How to reduce energy waste at Christmas

Christmas means lights, decorations and ornaments, in the home and on the city streets. At this time of year, however, it is good to pay close attention to the consumption that is produced. At Christmas, in fact, it is well known that energy consumption increases, and consequently costs and waste. So what solutions and measures can be adopted to avoid these "inconveniences" for our pockets and the environment?

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© Elina Fairytale on Pexels

At Christmas time, stars, chains or arches of lights shine on the windows, balconies and in the gardens of many homes. This magic of lights makes the short, dull winter days a little more pleasant. The magic of Christmas lights is undoubtedly undeniable, but have you ever thought how much electricity it takes to make Christmas sparkle in all its glory?

The electricity consumption resulting from domestic and urban Christmas lights is not exactly environmentally friendly. Once again this year, around 57 million households in Italy will be provided with Christmas decorations. Considering only domestic installations, the total electricity used by all Italian households will be around 2.565 billion watts, or 2.56 gigawatts. During this intense festive period, each household will experience an increase in daily electricity consumption of around 45 watts, while national electricity consumption will exceed 2000 megawatts. According to Greenpeace, this extra energy could even cover the electricity needs of a city of one million inhabitants at peak times.

Especially nocturnal animals and migratory birds are disturbed in their natural behaviour by outdoor lighting on balconies and in gardens. Insects are attracted to light; if it stays on at night, they cannot rest. Migratory birds orient themselves according to the stars, but if the night is too bright, they can no longer see the stars and lose their bearings.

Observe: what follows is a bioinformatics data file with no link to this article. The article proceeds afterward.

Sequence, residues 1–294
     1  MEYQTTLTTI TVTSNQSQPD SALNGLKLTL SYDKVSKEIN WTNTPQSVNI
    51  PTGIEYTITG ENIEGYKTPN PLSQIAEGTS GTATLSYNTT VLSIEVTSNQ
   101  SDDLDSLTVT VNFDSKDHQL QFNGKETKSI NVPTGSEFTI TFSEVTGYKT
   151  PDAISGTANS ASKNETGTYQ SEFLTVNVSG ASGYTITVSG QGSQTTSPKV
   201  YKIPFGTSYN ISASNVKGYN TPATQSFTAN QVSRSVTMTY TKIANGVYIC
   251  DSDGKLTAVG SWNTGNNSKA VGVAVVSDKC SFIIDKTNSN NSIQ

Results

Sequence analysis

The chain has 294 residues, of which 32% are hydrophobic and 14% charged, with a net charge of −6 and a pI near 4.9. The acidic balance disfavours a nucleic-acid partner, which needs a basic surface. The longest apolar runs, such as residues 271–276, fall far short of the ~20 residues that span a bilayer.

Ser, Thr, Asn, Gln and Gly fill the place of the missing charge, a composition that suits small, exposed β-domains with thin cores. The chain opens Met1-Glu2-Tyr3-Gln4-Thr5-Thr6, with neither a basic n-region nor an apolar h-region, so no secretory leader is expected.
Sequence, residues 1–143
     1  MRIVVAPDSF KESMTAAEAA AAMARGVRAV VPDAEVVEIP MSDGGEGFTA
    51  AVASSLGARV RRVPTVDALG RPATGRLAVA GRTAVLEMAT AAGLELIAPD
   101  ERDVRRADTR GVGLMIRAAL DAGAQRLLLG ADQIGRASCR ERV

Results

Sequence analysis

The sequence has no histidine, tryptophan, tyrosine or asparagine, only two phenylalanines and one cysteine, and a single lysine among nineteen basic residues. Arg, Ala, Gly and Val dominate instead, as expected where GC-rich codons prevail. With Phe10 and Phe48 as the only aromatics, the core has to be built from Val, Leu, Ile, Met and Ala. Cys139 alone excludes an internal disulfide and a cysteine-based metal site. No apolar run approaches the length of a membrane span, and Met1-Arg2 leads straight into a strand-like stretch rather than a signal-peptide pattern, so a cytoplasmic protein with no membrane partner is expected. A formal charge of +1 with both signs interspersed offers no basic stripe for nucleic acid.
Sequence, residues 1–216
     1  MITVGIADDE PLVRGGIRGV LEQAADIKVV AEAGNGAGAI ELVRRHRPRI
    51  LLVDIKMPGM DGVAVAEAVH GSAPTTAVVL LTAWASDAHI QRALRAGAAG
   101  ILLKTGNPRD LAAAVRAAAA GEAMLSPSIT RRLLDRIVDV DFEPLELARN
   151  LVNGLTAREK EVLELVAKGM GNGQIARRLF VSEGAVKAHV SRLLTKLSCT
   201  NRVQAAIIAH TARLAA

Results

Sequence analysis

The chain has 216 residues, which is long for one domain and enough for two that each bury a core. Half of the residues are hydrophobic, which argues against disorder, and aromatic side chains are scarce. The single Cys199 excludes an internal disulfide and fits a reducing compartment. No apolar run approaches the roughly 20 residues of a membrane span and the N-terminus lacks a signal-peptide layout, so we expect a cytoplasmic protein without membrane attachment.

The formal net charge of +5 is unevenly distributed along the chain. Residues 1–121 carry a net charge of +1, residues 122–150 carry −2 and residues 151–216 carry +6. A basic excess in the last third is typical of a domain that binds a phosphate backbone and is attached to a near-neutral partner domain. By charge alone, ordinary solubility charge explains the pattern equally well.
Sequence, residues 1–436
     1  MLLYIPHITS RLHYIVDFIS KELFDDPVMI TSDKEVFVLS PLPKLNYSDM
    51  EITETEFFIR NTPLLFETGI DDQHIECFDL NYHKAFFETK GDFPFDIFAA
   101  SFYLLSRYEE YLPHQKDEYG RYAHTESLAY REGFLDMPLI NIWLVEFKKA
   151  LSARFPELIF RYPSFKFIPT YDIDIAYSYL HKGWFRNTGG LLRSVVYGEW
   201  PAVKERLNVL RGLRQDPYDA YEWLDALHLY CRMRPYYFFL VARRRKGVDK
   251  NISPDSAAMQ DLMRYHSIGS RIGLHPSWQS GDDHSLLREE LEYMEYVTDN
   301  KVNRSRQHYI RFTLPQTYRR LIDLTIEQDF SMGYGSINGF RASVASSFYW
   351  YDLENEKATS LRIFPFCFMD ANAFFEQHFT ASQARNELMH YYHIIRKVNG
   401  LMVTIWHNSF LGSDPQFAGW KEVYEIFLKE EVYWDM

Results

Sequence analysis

The most sustainable solution is to do without lighting. But a Christmas without lights is hard to imagine. However, there are alternatives to the old halogen lights.

LEDs consume approximately 90% less energy and last up to 20 times longer than conventional lights. When purchasing, a warm white light is recommended. Cool white is the most energy efficient, but warm white (up to 3000 Kelvin) is friendlier. To create the feeling of a real candle, amber LEDs with a maximum of 2200 Kelvin can be used. These are particularly warm and have almost no impact on animals or the environment.

There are also Christmas light sets that run on the energy of the sun, via a photovoltaic panel. These lights do not use electricity: they switch on when it gets dark and remain on for 8-10 hours, depending on how much energy the solar panel has stored during the day.

It is better not to use battery-powered lights; batteries end up in the trash and pollute the environment through improper disposal. Lights that plug into a socket have less impact on the environment. An environmentally sustainable lifestyle would dictate not installing spotlights that illuminate half the neighbourhood, but, for example, just using a string of lights along the balcony railing.

Also, if we love our Earth we should not leave Christmas lights on permanently. During the day it is still bright and after midnight no one will admire your lighting. Just use a smart socket with a timer and set a reasonable time for automatic switching on and off.

Candles are a must in winter and at Christmas time. But, unfortunately, they are not environmentally friendly and sustainable either. Most candles are made of paraffin, i.e. oil. Oil is an exhaustible resource and is not particularly environmentally friendly when extracted. Moreover, the process of burning candles is also not to be underestimated: this releases CO2 and thus promotes global warming.

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